"Our Shared Reality" Reading List

Post on books dealing with the past, present, & future of "Our Shared Reality"

Reading Time: 10-15 minutes

Table of Contents:

Our Shared Reality—

The Past (Our Mathematical Universe)

The Present (The Universe in Your Hand & The Cosmic Web)

The Future (Decoding Reality)

Supplemental Books

Whats Next?

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Our Shared Reality—

Abstract: I hope the below book suggestions start a chain reaction of interesting and compelling questions inside of your skull.

This reading list is for anyone and everyone who is interested in the beautiful multiplicity of reality, but even more so - someone who is interested in finding out what we “as a collective intelligence” have figured out about the trippy nature of our all encompassing environment.

I take you through the past, present, and future of our descriptions of our reality in four books & six supplemental book suggestions (for a total of 10 for all those math wizards out there) to keep your curiosity going well after reading.

"What is this?!" exclaimed the curious child picking up a small & slimy creature with many legs. Curiosity had won the day, and hesitancy to grossness & close-mindedness had lost. I imagine myself as that child and now as an adult asking increasingly more questions similar to: What is this?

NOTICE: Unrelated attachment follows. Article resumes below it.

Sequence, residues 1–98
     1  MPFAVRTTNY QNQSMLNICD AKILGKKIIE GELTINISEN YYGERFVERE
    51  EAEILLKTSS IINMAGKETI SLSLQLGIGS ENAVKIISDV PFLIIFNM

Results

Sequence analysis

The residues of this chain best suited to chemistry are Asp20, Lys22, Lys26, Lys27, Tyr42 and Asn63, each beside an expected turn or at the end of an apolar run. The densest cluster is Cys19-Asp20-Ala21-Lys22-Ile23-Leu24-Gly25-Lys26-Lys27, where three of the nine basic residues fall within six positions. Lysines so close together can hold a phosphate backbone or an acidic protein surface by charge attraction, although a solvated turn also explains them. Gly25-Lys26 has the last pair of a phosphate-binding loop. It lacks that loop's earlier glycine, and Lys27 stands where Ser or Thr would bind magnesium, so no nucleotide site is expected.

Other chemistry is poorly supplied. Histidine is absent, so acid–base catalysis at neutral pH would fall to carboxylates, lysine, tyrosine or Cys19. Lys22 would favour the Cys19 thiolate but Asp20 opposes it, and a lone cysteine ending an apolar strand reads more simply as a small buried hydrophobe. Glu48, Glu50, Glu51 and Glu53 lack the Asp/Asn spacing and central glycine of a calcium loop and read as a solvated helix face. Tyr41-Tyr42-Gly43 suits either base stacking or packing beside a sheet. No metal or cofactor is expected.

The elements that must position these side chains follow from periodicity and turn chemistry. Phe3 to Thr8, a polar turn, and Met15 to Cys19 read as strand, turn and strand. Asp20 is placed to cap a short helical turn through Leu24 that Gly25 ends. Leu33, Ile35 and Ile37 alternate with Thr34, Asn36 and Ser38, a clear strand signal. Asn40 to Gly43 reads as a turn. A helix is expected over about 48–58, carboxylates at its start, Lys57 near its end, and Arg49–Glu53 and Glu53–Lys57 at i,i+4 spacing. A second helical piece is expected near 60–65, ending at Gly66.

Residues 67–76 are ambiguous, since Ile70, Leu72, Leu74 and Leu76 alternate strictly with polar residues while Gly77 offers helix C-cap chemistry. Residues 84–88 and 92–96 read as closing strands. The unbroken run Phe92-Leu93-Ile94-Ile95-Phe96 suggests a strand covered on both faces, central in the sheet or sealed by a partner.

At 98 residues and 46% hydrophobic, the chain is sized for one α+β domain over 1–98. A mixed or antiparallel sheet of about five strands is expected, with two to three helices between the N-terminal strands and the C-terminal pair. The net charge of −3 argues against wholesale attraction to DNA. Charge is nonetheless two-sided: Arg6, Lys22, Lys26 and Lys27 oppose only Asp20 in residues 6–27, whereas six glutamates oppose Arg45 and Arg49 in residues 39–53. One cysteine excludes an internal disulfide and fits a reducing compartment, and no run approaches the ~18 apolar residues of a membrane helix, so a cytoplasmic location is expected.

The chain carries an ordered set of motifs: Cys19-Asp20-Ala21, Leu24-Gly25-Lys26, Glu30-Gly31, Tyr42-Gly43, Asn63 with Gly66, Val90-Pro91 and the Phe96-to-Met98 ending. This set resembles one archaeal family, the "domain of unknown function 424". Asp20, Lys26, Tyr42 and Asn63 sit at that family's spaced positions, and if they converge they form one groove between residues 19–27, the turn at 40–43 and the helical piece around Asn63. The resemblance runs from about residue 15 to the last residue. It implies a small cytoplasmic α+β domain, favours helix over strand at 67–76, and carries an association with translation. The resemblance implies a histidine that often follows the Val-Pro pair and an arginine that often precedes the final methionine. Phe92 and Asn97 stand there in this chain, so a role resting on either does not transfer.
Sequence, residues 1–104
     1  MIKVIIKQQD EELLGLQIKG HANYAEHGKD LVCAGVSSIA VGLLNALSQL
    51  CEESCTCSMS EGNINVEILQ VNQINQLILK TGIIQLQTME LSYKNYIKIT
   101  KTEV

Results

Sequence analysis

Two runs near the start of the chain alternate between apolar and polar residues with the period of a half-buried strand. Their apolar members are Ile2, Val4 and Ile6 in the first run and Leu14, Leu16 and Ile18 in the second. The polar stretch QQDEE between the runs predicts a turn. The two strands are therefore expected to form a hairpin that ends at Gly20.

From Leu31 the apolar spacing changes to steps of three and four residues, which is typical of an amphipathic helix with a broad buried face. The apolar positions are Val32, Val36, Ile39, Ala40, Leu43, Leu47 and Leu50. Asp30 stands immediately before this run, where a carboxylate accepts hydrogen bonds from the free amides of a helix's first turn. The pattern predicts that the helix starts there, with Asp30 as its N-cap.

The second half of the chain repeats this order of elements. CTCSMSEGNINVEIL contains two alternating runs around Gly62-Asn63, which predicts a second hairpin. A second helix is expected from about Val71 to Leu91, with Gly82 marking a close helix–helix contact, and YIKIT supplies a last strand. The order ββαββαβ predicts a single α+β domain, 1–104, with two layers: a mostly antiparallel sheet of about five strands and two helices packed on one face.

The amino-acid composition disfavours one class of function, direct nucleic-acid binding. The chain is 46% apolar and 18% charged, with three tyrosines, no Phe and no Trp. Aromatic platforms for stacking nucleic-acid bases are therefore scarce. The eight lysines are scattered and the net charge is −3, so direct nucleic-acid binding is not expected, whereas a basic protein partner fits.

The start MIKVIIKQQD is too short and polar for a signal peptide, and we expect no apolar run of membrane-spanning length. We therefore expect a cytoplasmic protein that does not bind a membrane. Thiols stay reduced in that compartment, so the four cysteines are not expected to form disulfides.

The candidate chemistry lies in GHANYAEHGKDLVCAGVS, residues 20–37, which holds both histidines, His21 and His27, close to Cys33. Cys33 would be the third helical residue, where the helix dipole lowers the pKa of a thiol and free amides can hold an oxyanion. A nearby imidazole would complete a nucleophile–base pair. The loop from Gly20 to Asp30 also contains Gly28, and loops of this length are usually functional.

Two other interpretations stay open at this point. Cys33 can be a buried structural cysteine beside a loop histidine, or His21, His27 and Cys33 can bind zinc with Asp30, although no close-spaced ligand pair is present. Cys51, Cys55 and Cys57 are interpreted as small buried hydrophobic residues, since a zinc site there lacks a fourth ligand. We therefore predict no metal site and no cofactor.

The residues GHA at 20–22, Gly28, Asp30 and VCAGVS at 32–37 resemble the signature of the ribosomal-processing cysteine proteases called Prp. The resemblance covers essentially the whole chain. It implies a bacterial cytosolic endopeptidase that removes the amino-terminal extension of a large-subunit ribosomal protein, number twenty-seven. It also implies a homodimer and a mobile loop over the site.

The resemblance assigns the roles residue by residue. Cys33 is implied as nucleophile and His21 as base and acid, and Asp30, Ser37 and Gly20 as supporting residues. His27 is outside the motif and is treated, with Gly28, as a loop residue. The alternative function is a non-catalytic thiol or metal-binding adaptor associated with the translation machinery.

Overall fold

What is our reality? What is existence? Is experience different for different creatures or thinking beings? Is it different in the past as it is now in the present? Will it change in the future?

As the famed physicist Richard Feynman once said: "I was born not knowing and have had only a little time to change that here and there."

Below is a sampling of books to get up to speed on what we know about our shared reality through a rather scientific lens. In tumultuous times, it is always beneficial to take a step back and re-examine the totality of experience, especially the foundation of our shared value systems, that is ultimately based on "Our Shared Reality."

The Past

Our Mathematical Universe - Max Tegmark

This book changed my perspective on what Reality is more than any other. The author, an MIT physics professor, takes the reader on a journey through our environment through the lens of mathematics.

The name of the book gives it away fairly easy. "Our quest to understand reality can be summed up in two parts: the grand challenge for cognitive science is to link our consensus reality with our internal reality, and the grand challenge for physics is to link our consensus reality with our external reality."

However, the pure abstraction conclusion that is posited from a universe that is purely mathematics is a hypothesis that we cannot even really argue against because of the paradoxical logic it would take to overturn.